Hiring for Startups: Founder2Founder X Pareto

In Founder to Founder's most recent Startup Spotlight, Pareto CEO Phoebe Yao discusses the successes and struggles of her founder journey thus far.

In the most recent installment of Founder to Founder's Startup Spotlight, Phoebe spoke with Frederick Daso about what she’s working on at Pareto and her advice for emerging entrepreneurs.

She shared details of how being a founder has encouraged her personal growth.

"The entrepreneurial journey is in essence a personal journey. More than half the battle is about evolving to be what your company needs. In the span of a year, I went from an engineer building a side project, to recruiting Pareto’s founding team, to selling my vision to a group of investors. Each role required a completely different set of technical and interpersonal skills. It was uncomfortable confronting my own limitations, figuring out who I needed to be next, and how I would get there. I was scared of failure and it got very personal. But whenever I was uncertain, I turned to my friends and mentors for support. I became very good at asking for help, integrating feedback, and learning from my inevitable failures."

She opened up about self-doubt as a founder.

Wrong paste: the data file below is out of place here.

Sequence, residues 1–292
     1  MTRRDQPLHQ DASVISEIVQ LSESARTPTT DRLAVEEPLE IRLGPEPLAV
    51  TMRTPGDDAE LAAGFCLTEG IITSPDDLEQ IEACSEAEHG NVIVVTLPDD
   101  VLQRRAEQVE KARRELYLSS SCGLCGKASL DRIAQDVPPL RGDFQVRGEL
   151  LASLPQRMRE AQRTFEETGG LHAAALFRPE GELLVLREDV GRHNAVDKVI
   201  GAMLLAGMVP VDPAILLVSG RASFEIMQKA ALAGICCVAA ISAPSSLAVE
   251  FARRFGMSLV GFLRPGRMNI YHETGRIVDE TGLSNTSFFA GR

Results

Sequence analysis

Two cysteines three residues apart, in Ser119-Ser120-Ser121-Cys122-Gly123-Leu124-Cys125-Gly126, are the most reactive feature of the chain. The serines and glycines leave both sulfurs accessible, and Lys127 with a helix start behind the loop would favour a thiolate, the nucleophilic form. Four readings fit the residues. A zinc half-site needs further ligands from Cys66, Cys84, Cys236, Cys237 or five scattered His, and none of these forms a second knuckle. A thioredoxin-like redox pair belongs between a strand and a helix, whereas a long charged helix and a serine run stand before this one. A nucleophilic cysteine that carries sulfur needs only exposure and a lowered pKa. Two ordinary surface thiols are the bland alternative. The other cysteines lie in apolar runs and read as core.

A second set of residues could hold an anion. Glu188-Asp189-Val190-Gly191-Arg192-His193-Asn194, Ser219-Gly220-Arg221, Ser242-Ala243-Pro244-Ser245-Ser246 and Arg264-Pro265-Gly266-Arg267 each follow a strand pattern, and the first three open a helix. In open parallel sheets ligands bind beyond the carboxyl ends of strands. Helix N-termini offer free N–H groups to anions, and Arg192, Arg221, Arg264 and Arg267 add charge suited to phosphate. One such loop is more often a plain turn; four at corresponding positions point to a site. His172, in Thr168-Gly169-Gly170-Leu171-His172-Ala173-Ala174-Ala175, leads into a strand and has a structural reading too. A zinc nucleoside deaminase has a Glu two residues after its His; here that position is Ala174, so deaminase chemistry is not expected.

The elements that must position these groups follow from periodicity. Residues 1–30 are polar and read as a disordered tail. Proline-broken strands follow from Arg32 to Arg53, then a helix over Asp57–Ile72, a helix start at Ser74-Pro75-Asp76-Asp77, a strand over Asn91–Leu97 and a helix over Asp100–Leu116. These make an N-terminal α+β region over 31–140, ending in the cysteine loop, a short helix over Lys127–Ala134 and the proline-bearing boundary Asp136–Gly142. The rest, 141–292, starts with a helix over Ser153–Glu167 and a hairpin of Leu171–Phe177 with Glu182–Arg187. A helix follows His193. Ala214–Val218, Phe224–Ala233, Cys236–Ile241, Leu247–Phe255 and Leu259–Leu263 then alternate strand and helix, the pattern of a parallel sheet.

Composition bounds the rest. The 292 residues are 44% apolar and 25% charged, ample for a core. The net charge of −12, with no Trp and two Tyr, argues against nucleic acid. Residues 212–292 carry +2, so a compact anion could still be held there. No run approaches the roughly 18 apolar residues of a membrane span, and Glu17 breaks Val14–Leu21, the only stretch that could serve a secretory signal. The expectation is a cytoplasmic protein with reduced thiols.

"I had this insecurity about being a solo founder. Everyone in Silicon Valley told me that I needed to find a co-founder. For the longest time, I believed them. In my rush to not fly solo, I hired people who lacked mission-alignment and when they didn’t work out, I’d end up back where I started. This was until I met Matt Pru, a startup advisor and angel investor, who told me: “You don’t need a co-founder. You can code, you can sell, you can recruit. You just need to hire people to help you.” Matt was the first person who believed in me and what I was building. His encouragement and perspective gave me the confidence to believe in myself. Matt went on to become Pareto's first advisor and earliest champion. When we raised our pre-seed, he wrote our first angel check. Find your Matt. It can mean the world."

And she gave some powerful advice to other founders.

"For aspiring, college-aged founders:

Business is still fundamentally a relationship game. Ask the right questions to the right people and you will go far. One helpful perspective to keep in mind is that industry professionals want to help students. When you reach out, they see you as someone whose very career decisions they might help shape. The potential positive ROI of them giving you 30 minutes of their time is very high. They want to be useful, so reach out. Cultivate your network and get good at asking for help. You'll need friends and mentors to help you understand the unknown unknowns of the entrepreneurial journey."

Quotes have been shortened for brevity. Check out the feature, with Phoebe's words in full, on Founder to Founder!

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